J.R. Richard on Display

J.R. Richard
Richard was dominant

The game also presents the opportunity to see J.R. Richard in his prime one last time. Richard left two of his June starts early after complaining of discomfort but doctors couldn’t find anything wrong with him. That fueled whispers about how he was faking an injury. That talk intensified after he handled the best the American League had to offer. Richard would make one more regular season start before heading to the disabled list and then suffering a stroke at the end of July that ended his career. But on this night he was brilliant.

Richard was incredibly difficult to face. Even more so when you’d never seen him before, as was the case for many A.L. hitters in the days before interleague play. Add the factor of squaring off against him in the twilight at Dodger Stadium and it appeared to be a mismatch.

Richard threw two scoreless innings and struck out three, but he did surrender a base hit as Bucky Dent singled to right in the top of the 2nd. As good as Richard was though, he was outdone by A.L. starter Steve Stone.

Steve Stone in the Spotlight

In July of 1979, Stone’s record was 6-7 with a robust 4.40 ERA, thanks in part to surrendering 21 home runs. This year he was in the midst of the defining season of his career as well as a run of 10 wins in 10 straight starts during the regular season. He ate lunch at a Chinese restaurant the day before the game and received a fortune cookie telling him he would reach a high level of intelligence.

Steve Stone
Stone was even better

“What I wanted it to say was that I was going to pitch three innings, allow no hits and strike out six,” he joked. Had the fortune cookie said that it wouldn’t have been too far off as Stone turned in one of the best starting performances in All-Star history.  He faced nine N.L. hitters and retired them all, including strikeouts of sluggers Dave Parker and Dave Kingman along with Dodger pitcher Bob Welch. Even more impressive was the fact that he accomplished this on just 24 pitches.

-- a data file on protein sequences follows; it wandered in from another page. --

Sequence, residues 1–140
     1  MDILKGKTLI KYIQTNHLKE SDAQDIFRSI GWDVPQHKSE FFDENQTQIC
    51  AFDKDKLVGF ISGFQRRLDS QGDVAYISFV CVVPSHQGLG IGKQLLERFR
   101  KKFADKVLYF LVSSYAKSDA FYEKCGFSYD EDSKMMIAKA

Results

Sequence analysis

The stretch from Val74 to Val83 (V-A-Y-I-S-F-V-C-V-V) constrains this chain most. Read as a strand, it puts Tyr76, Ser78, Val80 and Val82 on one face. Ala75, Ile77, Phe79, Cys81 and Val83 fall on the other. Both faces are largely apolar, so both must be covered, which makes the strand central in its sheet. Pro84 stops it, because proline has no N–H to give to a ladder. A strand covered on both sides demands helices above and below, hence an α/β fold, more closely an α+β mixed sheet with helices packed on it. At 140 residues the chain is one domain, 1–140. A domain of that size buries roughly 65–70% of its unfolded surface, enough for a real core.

”I couldn’t look at this lineup as a group,” said Stone. ”I had to face each one as a single entity. As a group, it would have seemed too big a task but, one by one, I was able to handle nine guys.”

The A.L. grabbed a 2-0 lead in the top of the 5th when Rod Carew hit a 2-out single off Welch and Fred Lynn ran the count full before homering into the right field bleachers. Lynn was nursing a sore hamstring and considered skipping the game to rest, but he didn’t want to disappoint the fans so he made the trip.

Griffey Plays Hero

In the bottom of the 5th,  lefty Tommy John was on the mound for the A.L. when N.L. manager Chuck Tanner went off script and sent the left-handed hitting Ken Griffey to pinch hit for Kingman. The move was prompted by Tommy Lasorda, who recalled a time when Griffey had burned Lasorda when John was with the Dodgers. Just as Lasorda predicted, Griffey took John deep and the N.L. was on the board.

Ken Griffey
Griffey’s homer earned him MVP honors and a Stargell Star

“I wasn’t thinking home run,” Griffey told reporters after the game. “I was just looking for a good pitch to hit. I’ve always hit him pretty good. Everybody was pretty pumped up after the home run. Then we just took advantage of their mistakes.”

The mistakes mounted as the N.L. scored two more in the bottom of the 6th on a base hit by George Hendrick and an error on Randloph. They added one more in the 7th when Dave Concepcion scored on a Dave Stieb wild pitch.

The Streak Continues

1980 NL All-Stars
Champions once again

The Nationals came away with a 4-2 win, which marked the 17th time in the previous 18 seasons that the N.L. won the Mid-Summer Classic, a fact that was not lost on the American Leaguers.

“One more year we have to hear we’re inferior all over again,” said Paul Molitor. “That’s the hard part.”

 

Here’s the entire game. Enjoy!

Down Goes Lasorda!

 

On February 17th, 1980 two separate interviews at a local television station turned into an impromptu Los Angeles Dodgers fight night.

Dodger Manager Tommy Lasorda, was at KNBC recording an interview when he bumped into Jim Lefebvre.

LasordaPoster
Lefebvre fights Lasorda

 

Bad blood existed between the two after Lasorda had fired Lefebvre as hitting and first base coach after the 1979 season. Lefebvre won Rookie of the Year for the Dodgers in 1965 and parlayed his time in L.A. into some acting gigs, including playing one of The Riddler’s henchmen on the Batman TV series.

 

The henchman experience proved handy when the two squared off in Burbank. Both men claimed the other started the fight but there was little doubt who finished it. L.A. sportscaster Steve Sommers reported “Lasorda left with blood on his face and Lefebvre left with a smile on his.”